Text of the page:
Study Snapshot

Executive Summary: Understanding the Use and Impact of Price Transparency in Health Care

This executive summary provides an overview of the discussion from a May 2016 meeting where RWJF grantees presented some of the key findings from their research on the use and impact of price data in health care to a panel of experts actively engaged in developing and using health care price information.

July 2016
Bernstein, J.

How ACO Organizational Characteristics Affect Preventive Care Quality: Lessons from ACOs’ First Year

Accountable Care Organizations (ACO) emerged as a novel payment model to create a coordinated health system whereby providers contract together to take collective responsibility for managing the cost and quality of care for a population of patients. Preventive care is critical to ACO success. Evaluating ACOs’ strategic choices in terms of their organizational structure and early performance provides an avenue to a better understanding of the factors behind preventive care quality. In a HCFO-funded study, Valerie Lewis, Ph.D., of Dartmouth College and colleagues conducted a cross-sectional study examining Medicare Shared Savings Program and Pioneer ACO Program participants and the association between preventive care quality performance and ACO characteristics to inform strategies for preventive care quality management.

June 2016

Understanding the Impact of Retail Clinic Visits on Utilization and Spending

Conventional wisdom among policymakers and health insurers is that retail clinics may reduce health care spending by substituting for more costly visits to physician offices or emergency departments. However, given their convenience and lower price, retail clinics may also lead to new utilization of health care services by patients who otherwise would not seek care, thus increasing spending. In his HCFO-funded study, Ateev Mehrotra, M.D., M.P.H., Harvard Medical School, and colleagues assessed whether retail clinic visits for low-acuity conditions represented substitution for more expensive care or new utilization of health care services, and whether the visits subsequently reduced health care spending.

March 2016

Issues in Private Health Insurance Exchanges for Employers

In the past few years, private exchanges offering employer-sponsored health coverage—available from competing insurers—have emerged among both large and small employers. Despite the marked potential of private exchanges, their growth has been slower than expected, raising public policy and regulatory questions. This study evaluated the potential benefits and drawbacks of private multi-carrier exchanges.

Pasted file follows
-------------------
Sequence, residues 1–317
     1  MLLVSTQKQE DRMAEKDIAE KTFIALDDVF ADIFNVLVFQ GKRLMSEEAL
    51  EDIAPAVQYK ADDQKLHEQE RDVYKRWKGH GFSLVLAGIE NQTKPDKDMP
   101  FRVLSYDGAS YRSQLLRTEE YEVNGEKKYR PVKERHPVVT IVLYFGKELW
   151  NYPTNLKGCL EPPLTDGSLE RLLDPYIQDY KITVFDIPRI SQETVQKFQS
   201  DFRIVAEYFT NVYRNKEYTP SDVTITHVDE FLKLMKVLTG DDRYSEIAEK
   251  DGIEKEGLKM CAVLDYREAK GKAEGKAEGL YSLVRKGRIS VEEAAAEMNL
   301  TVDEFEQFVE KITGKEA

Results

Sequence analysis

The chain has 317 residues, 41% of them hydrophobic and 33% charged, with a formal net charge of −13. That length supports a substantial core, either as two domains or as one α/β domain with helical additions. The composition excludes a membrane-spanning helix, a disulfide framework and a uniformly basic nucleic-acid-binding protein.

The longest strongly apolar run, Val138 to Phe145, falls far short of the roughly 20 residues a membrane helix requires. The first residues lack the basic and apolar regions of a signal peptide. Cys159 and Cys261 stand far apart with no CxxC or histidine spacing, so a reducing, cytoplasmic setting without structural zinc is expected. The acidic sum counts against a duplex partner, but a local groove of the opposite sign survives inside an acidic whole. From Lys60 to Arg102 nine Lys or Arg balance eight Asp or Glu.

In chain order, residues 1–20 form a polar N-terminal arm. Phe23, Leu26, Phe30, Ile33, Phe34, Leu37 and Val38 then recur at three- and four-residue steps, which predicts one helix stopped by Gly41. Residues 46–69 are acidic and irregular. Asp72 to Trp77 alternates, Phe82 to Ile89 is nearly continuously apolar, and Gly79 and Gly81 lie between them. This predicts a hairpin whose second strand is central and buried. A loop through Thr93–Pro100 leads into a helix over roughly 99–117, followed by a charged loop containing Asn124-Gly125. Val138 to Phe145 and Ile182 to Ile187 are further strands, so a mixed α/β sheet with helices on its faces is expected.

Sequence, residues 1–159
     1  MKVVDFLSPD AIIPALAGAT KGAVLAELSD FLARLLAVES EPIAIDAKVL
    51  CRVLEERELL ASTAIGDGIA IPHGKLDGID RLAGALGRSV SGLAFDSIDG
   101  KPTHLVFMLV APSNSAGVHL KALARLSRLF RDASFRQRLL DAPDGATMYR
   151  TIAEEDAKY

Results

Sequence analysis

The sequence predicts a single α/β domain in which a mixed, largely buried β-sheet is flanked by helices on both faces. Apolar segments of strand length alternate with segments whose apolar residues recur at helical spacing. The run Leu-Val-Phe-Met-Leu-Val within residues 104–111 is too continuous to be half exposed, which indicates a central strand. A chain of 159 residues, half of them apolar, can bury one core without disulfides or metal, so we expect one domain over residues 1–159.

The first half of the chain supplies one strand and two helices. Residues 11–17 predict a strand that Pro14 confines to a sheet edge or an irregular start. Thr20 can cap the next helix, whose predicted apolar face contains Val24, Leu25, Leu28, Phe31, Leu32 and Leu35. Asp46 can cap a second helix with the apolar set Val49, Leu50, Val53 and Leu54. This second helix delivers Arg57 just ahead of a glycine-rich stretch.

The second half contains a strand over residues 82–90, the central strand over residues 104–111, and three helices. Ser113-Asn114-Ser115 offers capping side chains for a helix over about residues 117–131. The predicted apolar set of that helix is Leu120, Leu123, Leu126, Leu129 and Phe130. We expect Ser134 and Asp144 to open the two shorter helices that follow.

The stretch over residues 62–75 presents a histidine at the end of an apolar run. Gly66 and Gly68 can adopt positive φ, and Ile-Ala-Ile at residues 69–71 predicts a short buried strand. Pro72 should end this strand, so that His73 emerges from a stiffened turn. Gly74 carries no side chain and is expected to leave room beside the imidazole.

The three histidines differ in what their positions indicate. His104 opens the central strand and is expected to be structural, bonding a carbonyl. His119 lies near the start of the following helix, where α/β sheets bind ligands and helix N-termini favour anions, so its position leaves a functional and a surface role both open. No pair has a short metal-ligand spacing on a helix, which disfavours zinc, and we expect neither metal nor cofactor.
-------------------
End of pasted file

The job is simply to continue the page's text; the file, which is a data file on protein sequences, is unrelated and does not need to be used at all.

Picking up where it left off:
November 2015

Hospital Pricing Under Medicare Advantage and Traditional Medicare

The policy community generally has assumed that Medicare Advantage (MA) plans negotiate hospital payment rates similar to those for commercial insurance products and well above those in traditional Medicare. In a HCFO-funded study, Robert Berenson, M.D., Jonathan Sunshine, Ph.D., Emily Lawton, Urban Institute; and David Helms, Johns Hopkins Bloomberg School of Public Health, interviewed senior hospital and health plan executives to understand the negotiating dynamics between MA plans and hospitals, first to confirm that MA plans do pay hospitals at or near traditional Medicare payment rates and then to explain why.

September 2015

Reducing Medicare Readmissions in New York’s Hospitals

Under the Hospital Readmissions Reduction Program, hospitals are financially penalized for higher-than-average thirty-day readmission rates for Medicare patients. A new study examined the possibility that hospitals strategically avoided the readmissions penalty—a would-be unintended consequence of the program that could offset some of the intended savings to Medicare.

July 2015

“What’s Your Price?” Many Americans Seek Health Care Prices, Fewer Compare across Providers

As Americans shoulder more of their health care costs, a new study suggests that many are hungry for price information. Yet, despite widespread interest in health care prices, several hurdles stand in the way of making health care price information more accurate, comprehensive, and readily available to consumers.

May 2015

Tiered Physician Networks: A Tool to Promote Value

Increasingly, health plans, employers, and other payers are developing tiered provider networks, which rank and stratify providers according to cost and quality performance. In a HCFO-funded study, Meredith Rosenthal, Ph.D., and Anna Sinaiko, Ph.D., from the Harvard School of Public Health examined the effect of a three-tiered network on patients’ choice of physician or health plan.

March 2015

The Prevalence and Price of Low-Value Services: Making the Wise Choice

In 2012, the ABIM Foundation announced the Choosing Wisely initiative under which more than 60 specialty societies have developed lists of five evidence-based recommendations of tests and treatments that physicians and patients should question and discuss. In a HCFO-funded study, Carrie Colla, Ph.D., and colleagues created claims-based algorithms to examine 11 services identified on one or more Choosing Wisely lists.

December 2014

Insurance Transitions Undermine Children's Access to Care

While the United States has made great progress in reducing the number of uninsured children, coverage remains fluid for the many children who transition between public and private insurance. In a HCFO-funded study, Thomas Buchmueller, Sean Orzol, and Lara Shore-Sheppard analyzed the relationship between a child’s health insurance stability and a child’s access to medical care.

November 2014
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